I remember watching Super Bowl XLIV when the New Orleans Saints defeated the Indianapolis Colts 31-17. Even though I was still bitter that neither the Houston Texans nor the Dallas Cowboys were playing in the big game, I felt compelled to root for the Saints.
As a Houstonian, I saw the impact that Hurricane Katrina had on New Orleans. Thousands of New Orleans’ residents sought refuge in my city and I did my part to assist them by volunteering at the shelters. I experienced the pain of people who had lost everything including their hope.
Somehow, I felt that a Saints victory in the Super Bowl would restore hope for the ailing city. And surprisingly, it did. Leading that charge of hope was Saints quarterback, Drew Brees. His phenomenal performance not only lifted his team out of the lower echelon of the NFL, but it also lifted his city’s spirits.
In addition to instilling pride in New Orleans, Brees managed to give a boost to fathers. I can still remember how he embraced his son and lifted him in the air to celebrate the victory. In the midst of the hoopla, Brees managed to share a tender, intimate father/son moment with the world.
Today Brees continues to be a top-tier quarterback (he’s the starter on my Fantasy Football Team) and a top-notch father. In addition, he continues to be an ambassador for the city he loves.
“I know from personal experience that our fans make our team better, get us pumped and give us that extra edge out on the football field,” said Brees. “There’s nothing better than pulling up to our stadium or running out of the tunnel and seeing that sea of black and gold. It’s something that every player loves.”
Throughout the season, Brees will post personal pictures (mostly of his sons wearing Saints jerseys) on Twitter (@drewbrees) that represent his love for the black and gold.
I spent some time with Brees to discuss fatherhood, football, and the city of New Orleans.
Mocha Dad: What do you love most about New Orleans?
Drew Brees: There is so much to love in New Orleans. I love the culture, the charm, the food, the music. But most of all I love the sense of community. We have the best fans in the world. I love their loyalty and passion and they love me because I love New Orleans.
MD: As a professional football player, how do you manage all of your family responsibilities?
Brees: It’s all about having balance. When I’m on the field, I focus on playing my best, but spending time with my family is important to me. Mondays and Tuesdays are centered around family. I try to spend as much time with them as I can. I’ll schedule my work while my sons are napping or at school. One of my favorite parts of the day is when I read a book to them at night.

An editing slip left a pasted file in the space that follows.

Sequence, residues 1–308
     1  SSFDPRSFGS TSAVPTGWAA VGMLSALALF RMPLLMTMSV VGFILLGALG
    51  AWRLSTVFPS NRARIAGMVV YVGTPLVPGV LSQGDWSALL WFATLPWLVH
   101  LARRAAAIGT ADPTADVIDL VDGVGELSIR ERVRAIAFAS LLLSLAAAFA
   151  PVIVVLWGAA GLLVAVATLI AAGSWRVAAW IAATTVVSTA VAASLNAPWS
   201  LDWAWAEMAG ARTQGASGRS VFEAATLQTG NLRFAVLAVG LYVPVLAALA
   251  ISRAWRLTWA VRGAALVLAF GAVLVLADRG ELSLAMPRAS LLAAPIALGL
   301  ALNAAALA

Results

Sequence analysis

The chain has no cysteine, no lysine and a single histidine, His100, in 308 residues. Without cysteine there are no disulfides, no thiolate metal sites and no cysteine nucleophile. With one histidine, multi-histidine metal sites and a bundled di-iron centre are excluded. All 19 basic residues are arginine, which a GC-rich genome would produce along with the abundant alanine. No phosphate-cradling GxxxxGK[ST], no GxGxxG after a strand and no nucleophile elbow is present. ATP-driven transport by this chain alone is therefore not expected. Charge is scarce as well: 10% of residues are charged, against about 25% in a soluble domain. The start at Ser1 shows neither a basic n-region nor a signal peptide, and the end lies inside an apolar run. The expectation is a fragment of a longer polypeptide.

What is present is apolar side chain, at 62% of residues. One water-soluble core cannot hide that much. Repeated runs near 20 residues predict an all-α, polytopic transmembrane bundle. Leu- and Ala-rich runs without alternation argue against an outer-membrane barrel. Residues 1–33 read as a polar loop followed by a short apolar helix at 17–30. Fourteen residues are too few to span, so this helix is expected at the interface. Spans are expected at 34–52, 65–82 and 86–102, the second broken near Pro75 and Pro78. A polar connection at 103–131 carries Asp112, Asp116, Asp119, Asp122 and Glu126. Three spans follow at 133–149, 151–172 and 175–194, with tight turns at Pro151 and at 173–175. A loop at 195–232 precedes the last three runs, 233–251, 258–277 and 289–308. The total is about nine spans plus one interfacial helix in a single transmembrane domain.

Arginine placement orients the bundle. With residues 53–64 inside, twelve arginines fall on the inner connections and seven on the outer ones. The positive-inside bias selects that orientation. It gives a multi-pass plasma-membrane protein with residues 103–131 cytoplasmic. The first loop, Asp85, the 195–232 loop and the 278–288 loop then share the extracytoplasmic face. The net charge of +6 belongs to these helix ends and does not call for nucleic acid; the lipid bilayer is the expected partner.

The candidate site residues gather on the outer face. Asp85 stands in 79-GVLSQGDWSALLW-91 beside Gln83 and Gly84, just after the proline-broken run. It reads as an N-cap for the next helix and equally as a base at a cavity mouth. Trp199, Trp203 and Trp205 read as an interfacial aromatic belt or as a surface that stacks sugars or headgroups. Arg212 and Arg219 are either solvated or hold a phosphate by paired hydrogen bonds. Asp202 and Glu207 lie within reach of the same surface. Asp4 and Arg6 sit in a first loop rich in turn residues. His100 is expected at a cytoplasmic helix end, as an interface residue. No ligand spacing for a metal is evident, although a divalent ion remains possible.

MD: How do you stay connected with your family when you’re on the road.
Brees: It’s tough, but I manage to keep in touch with Facetime and speaker phone. I need to hear my kids’ voices every night.
MD: You’ve been married for 10 years now. How do you maintain your marriage?
Brees: We make time for each other. My wife and I have designated date nights. We may go out to dinner or simply park by the river, talk and listen to music.
MD: How did you feel when you first found out you were going to be a father?
Brees: It was the greatest feeling. I was happy and scared at the same time. It’s hard to believe that you can have both of those emotions at the same time. But I love being a dad. It’s the greatest thing I’ve ever done.
MD: What wisdom did you get from your father that you use with your kids?
Brees: I didn’t necessarily get it from my father, but from my family in general. The greatest thing you can give your kids is love. You can read all of the parenting books and get a lot of different opinions, but it all comes down to loving your kids. Teaching them right from wrong and surrounding them with love is the most important thing.
MD: How has fatherhood changed you?
Brees: I’m much more emotional. I can’t watch movies or TV shows where bad things happen to children. I start thinking about my own kids and I start to tear up.
MD: Do your sons play football?
Brees: They’re still a bit young for organized football, but they like to toss the ball around the house. They love coming to the practice facility and running around on the field.
MD: Will you encourage them to play organized football when they’re older?
Brees: I will encourage them to play sports but I won’t force them to play a particular sport. I believe that kids gain so much from participating in team sports. Teamwork, work ethic, working through adversity are just a few of the valuable lessons they will learn.
MD: How do you want your sons to remember you?
Brees: I plan to be around for a long time, but I hope my sons remember their dad as a man who did things the right way and to the best of my abilities. I want them to say that I made time for them and always showered them with love.
MD: What advice do you have for new dads?
Brees: First, learn how to change a diaper. Being a dad is a great experience, but kids grow up so fast. Cherish every moment, take lots of pictures, show your love, and enjoy your time with your family.
Photo by Ian Ransley